Fort Crevier National Historic Site of Canada
original HSMBC plaque
(© Parks Canada Agency / Agence Parcs Canada, 1924.)
226, de L’île Road, Pierreville, Quebec
Historic Sites and Monuments Act (R.S.C., 1985, c. H-4)
1687 to 1687
Existing plaque: 226 Island Road / Main Street, Notre-Dame-de-Pierreville, Quebec
A fort was built near here in 1687 for the defence of the French inhabitants of the area against Iroquois attacks which had been encouraged by the English. Originally named Fort Saint-François, it came to be known by the name of its builder, Jean Crevier in whose seigneurie, Saint-François-du-Lac, this wooden fort stood. Skirmishes between the Iroquois and French were fought near here on many occasions between 1689 and 1693. With the signing of peace treaties with the English in 1697, and with the Iroquois in 1700 and 1701, the French allowed the fort to fall into ruins.Original Plaque: Main Road, Notre-Dame-de-Pierreville, Quebec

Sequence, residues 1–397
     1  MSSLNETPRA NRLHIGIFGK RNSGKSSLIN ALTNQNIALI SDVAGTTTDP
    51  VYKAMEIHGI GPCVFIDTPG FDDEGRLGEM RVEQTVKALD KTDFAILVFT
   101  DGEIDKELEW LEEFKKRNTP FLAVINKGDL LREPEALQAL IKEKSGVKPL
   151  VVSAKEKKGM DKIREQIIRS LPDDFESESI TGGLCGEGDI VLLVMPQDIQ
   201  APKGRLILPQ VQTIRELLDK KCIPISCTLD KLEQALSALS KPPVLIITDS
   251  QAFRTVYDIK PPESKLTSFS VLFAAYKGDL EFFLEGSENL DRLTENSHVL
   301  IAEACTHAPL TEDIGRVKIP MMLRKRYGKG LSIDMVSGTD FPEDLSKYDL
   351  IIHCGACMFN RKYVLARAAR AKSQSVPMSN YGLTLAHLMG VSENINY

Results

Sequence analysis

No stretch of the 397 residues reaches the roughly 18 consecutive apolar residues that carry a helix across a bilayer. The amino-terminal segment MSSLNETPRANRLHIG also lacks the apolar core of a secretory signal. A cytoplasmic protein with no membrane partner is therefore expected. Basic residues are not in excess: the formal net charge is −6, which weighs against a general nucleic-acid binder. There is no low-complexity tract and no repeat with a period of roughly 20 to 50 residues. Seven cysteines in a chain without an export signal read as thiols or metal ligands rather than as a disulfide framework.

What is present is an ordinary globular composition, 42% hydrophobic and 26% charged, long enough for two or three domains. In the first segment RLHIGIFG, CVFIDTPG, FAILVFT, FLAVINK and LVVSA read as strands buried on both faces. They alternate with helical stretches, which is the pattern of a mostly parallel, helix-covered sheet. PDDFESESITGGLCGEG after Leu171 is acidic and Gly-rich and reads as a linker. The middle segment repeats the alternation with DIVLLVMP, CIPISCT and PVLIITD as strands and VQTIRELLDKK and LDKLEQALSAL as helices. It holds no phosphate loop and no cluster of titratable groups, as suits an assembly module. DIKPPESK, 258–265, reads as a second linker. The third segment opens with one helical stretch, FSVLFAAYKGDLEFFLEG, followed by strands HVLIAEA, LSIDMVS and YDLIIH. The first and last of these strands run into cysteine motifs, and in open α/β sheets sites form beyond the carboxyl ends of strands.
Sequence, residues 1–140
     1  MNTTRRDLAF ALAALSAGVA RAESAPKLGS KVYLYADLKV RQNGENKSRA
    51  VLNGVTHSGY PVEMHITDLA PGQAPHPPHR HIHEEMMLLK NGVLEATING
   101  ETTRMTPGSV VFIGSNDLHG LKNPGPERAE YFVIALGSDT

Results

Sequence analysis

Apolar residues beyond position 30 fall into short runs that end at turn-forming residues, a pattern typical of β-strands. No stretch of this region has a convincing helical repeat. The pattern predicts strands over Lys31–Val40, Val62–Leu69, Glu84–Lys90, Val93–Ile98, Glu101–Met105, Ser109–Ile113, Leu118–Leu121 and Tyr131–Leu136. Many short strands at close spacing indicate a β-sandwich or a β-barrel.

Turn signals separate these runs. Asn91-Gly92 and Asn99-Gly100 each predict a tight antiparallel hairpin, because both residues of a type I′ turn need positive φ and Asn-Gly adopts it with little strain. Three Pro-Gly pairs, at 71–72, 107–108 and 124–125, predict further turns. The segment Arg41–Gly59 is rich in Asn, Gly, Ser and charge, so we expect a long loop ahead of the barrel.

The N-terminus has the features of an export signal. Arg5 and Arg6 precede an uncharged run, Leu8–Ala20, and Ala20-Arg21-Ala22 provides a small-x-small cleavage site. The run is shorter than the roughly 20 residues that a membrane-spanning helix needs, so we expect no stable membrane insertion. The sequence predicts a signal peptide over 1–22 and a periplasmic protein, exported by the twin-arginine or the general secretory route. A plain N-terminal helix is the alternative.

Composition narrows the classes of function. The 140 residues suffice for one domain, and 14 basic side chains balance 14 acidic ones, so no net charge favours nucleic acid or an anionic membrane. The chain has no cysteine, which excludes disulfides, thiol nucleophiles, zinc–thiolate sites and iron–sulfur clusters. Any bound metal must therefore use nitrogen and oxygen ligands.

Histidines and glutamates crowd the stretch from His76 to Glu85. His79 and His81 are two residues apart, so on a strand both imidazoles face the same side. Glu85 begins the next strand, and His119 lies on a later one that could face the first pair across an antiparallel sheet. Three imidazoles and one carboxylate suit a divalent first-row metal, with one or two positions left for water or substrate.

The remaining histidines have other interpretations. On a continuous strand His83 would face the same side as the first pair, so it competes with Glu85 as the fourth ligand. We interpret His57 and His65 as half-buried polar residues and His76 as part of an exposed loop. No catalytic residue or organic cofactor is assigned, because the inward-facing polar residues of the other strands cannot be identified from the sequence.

Built 1687, Battles of 1689-1693, when two officers, several soldiers, seven habitants were killed; the seigneur Jean Crevier was captured and died from wounds. The fort was still standing in 1714.
Fort Crevier was designated a National Historic Site of Canada in 1920 because: it was constructed in 1687 to protect the French from attacks by the Iroquois, and was the scene of skirmishes between the French and the Iroquois between 1689 and 1693.